LOS ANGELES – On his first day in the uniform, Joe Torre stood atop a platform in center field, Dodger Stadium rising behind him in the morning fog, and gestured to the place where Willie Davis used to play.
Juan Pierre is there now.
He posed for a photo on the pitchers' mound, which he recalled as Sandy Koufax's mound.
The organization is crossing its fingers for Jason Schmidt.
He smiled and told of a home run he once hit off Don Sutton, pointing to its course in the general direction of the San Gabriel Mountains.
One of his returning players – Jeff Kent – hit 20 home runs last season, and he'll be 40 in March.
He said his mother's favorite was Gil Hodges, not as a manager, but as a first baseman, in both occupations exhibiting elegance and professionalism.
His new first baseman, James Loney, stood at the core of a broken clubhouse, the line pettily etched along service times.
He cupped his hands around the red No. 6 on his new jersey, and spoke dreamily not of Steve Garvey, but of Carl Furillo.
And on this gray morning when Torre was recognized as the eighth manager in Los Angeles Dodgers history, it became ever clearer that the nearest these Dodgers are to those Dodgers is that Torre manages these Dodgers, and batted against a few of those Dodgers.
On the 50th anniversary of the winter in which Walter O'Malley moved the franchise from Brooklyn to Los Angeles, the Dodgers presented Torre, who in 1957 was the third baseman for Brooklyn's St. Francis Prep.
"The Terriers," Torre pointed out.
He remembers when the Dodgers played there, remembers when they departed (leaving behind, for the moment, his New York Giants), even remembers when they put the red numbers on the fronts of the jerseys, how odd it seemed.
So when he climbed the stairs to sit alongside the club's current caretakers, and alongside Vin Scully and Tommy Lasorda, and when he gazed across a row of franchise luminaries – Newk, Sweet Lou, The Penguin, Garv – and heard Scully point out the manager and the team both had hailed from "the borough of churches, the borough of Brooklyn," he grinned.
"This," Torre said, "is surreal for me."
It had been 18 days from the New York Yankees to Los Angeles Dodgers, from 12 postseason appearances in 12 years to one playoff game win in 19 years, from the tyranny of The Steinbrenner III to the whimsy of The McCourt II.
When he paraded across the stage, posing for the cameras, photographers shouted his name. When he politely requested patience, one of them explained, "Hollywood, Joe."
And so it is.
Joe Torre, of the streets of Brooklyn, of the hard-edged Yankees, and once a regular on the Canyon of Heroes, on Monday morning took on the Dodgers, grown soft with time and neglect.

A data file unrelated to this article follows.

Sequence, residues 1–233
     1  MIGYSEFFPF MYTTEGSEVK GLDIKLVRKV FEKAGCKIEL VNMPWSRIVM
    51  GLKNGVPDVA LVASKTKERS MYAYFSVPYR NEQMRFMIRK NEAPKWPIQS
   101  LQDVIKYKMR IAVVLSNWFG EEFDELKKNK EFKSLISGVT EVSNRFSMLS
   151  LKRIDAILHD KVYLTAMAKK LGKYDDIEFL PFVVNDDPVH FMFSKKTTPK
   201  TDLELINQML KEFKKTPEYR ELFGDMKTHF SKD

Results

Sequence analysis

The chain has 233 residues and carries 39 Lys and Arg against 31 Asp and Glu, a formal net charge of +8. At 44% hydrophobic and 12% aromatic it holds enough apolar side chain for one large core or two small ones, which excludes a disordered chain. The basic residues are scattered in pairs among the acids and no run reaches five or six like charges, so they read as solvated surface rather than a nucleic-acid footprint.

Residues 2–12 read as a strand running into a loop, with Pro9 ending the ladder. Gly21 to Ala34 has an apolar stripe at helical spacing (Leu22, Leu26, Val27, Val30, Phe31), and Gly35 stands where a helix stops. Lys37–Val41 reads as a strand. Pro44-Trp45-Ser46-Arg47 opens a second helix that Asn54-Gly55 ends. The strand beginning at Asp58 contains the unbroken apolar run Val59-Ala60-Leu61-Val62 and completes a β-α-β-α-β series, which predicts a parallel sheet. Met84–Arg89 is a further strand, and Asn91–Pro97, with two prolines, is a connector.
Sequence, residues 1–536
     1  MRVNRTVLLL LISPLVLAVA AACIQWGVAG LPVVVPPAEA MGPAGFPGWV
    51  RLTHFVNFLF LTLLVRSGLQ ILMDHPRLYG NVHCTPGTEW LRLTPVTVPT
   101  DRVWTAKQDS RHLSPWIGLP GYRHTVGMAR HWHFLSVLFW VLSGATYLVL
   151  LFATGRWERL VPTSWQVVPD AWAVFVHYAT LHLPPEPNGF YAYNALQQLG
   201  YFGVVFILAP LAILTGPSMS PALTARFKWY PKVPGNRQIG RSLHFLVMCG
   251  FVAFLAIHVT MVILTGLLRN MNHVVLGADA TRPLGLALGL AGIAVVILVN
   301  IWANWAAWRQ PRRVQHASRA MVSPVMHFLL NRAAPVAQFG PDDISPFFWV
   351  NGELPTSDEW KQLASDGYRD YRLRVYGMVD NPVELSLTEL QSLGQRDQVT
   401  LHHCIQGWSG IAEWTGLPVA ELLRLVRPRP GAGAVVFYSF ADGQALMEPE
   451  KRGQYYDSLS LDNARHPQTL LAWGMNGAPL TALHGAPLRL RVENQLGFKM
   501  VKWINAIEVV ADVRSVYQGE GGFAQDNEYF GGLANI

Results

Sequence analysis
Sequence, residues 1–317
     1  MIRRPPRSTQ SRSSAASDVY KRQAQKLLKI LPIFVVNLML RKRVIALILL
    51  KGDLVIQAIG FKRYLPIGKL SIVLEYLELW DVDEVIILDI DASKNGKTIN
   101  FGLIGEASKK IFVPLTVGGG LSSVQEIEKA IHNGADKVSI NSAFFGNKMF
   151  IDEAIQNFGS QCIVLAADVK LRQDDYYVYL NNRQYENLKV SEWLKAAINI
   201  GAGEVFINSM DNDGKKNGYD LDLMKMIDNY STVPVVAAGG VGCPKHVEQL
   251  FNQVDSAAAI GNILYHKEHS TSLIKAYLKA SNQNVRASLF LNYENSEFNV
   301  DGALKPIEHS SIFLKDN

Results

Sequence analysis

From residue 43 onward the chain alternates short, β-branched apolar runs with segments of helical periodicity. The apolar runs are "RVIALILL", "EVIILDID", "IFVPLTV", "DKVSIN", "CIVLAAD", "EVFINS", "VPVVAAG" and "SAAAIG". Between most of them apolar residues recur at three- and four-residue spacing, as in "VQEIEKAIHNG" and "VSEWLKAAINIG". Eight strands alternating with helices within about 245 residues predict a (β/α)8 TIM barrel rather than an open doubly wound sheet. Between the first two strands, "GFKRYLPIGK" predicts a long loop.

At the 25-minute mark of the press conference, he referred to the Dodgers for the first time as "we."
They'd been "them" for so long. And they'd been inconsequential to the Yankees and Torre.
The Dodgers will celebrate their 50 years in L.A. this season, and play another season away from their last championship, 20 years running.
They aren't the Dodgers Torre remembers. Those Dodgers move slowly on rickety parts and wave from their seats in the front row. Come to think of it, just like these Dodgers do every October.
Pitcher Brad Penny met Torre in the dugout before the ceremony. He came to the ballpark, he said, smiling, "Because I didn't have anything else to do."
"He's not going to come in here and win the World Series," Penny said. "The players are going to have to do it. And we're going to need some help."
To that end, general manager Ned Colletti left a few minutes later for the GM's meetings in Florida.
And everybody batted around the notion of Alex Rodriguez at third base, assuming McCourt could pay him and Torre would have him.
Asked specifically about that, Torre said he had "a good association" with his former player, which sounds more like what you have with your gardener than your cleanup hitter and league MVP.
"I think our relationship is fine," he said. "I think he's comfortable, I'm comfortable."
New York sometimes does that to people.
Torre spoke less of winning championships than of building a foundation, the first clue he knows the Dodgers better than he let on.
Colletti, who has two years left on his contract (or one fewer than Torre), might have a more urgent schedule. If there's one thing that's carried the conversations at Dodger Stadium for the past two decades – other than, lately, when the GM or manager would get canned – it's foundation building. They've built enough foundations to repopulate downtown.
"We didn't hire Joe Torre to help us finish .500," Colletti said.
No, they've got kids to turn into players, and veterans to turn into winners, and an organization to turn into something other than a big, shiny shell of the organization Torre so fondly recalled.
It's not Koufax's mound anymore. It's not Hodges' clubhouse. And it's not Furillo's 6.
Torre once made the Yankees the Yankees again. This might be the tougher job.
"When I think of the Dodgers, I think of efficiency, I think of pride, I think of measuring stick," Torre said. "It was just ingrained, what the Los Angeles Dodgers – previously the Brooklyn Dodgers – meant to the game of baseball. You always measured yourself against the Dodgers, because they always did things right."